Mary Fete and Dr. Tim Fete share tips for helping teens with ectodermal dysplasias cope with life during the COVID-19 pandemic.
There are many emotions that we are all experiencing throughout these days of uncertainty. It’s highly likely that each of us will travel through the stages of grief. Some days, the stress can feel so heavy. It’s important to recognize and accept that this is OKAY! While our situations and personal experiences may be different, we’re all learning how to accept and cope with the changes in our lives as a result of COVID-19
If your child is affected by ectodermal dysplasia, your to-do list to school ready for likely has more on it than buying supplies! We pulled together some resources to help you advocate for your child at school.
Does hypohidrosis make you want to stay inside? Learn what to do to keep loved ones who can’t sweat cool this summer while they are riding in the back seat of a car.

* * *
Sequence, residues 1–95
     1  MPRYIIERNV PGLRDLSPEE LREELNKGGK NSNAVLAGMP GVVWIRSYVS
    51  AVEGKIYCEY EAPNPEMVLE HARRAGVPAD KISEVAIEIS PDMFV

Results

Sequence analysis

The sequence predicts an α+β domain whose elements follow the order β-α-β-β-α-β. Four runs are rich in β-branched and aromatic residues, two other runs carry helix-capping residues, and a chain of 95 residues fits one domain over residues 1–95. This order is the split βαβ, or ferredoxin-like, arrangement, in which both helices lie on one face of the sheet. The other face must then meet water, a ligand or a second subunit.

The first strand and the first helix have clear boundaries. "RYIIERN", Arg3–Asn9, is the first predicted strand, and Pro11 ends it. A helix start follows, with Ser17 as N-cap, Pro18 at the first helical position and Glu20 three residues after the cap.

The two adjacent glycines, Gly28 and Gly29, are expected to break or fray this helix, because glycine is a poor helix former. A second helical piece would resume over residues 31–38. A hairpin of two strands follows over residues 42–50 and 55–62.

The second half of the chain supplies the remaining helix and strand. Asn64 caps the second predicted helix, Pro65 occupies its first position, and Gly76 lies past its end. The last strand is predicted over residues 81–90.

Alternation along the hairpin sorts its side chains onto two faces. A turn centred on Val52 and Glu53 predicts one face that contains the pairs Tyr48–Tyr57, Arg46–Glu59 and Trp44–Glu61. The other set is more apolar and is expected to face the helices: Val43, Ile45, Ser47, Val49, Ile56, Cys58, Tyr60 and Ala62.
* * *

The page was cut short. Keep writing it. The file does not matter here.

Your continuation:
An Oregon mom talks about what she saw at her first NFED Family Conference and why that keeps her and her family coming back.
The following presentation is a very simple way to introduce the ectodermal dysplasia to your child’s classmates and teachers. We published this article years ago but it’s still a great idea for parents to use in their child’s classroom. Levi is now an adult who has his own family! By Kim Howard My son’s name…
Genetic carriers or people with ectodermal dysplasias will have to tell their partner at some point when things get serious. Here are some tips to help you.
The world can be a pretty lonely place if you think that yours is the only family navigating the twists and turns of life with ectodermal dysplasia. But there’s no need to live on an island! There are plenty of ways to start making connections and building a network of love and support, including attending ectodermal dysplasia conferences.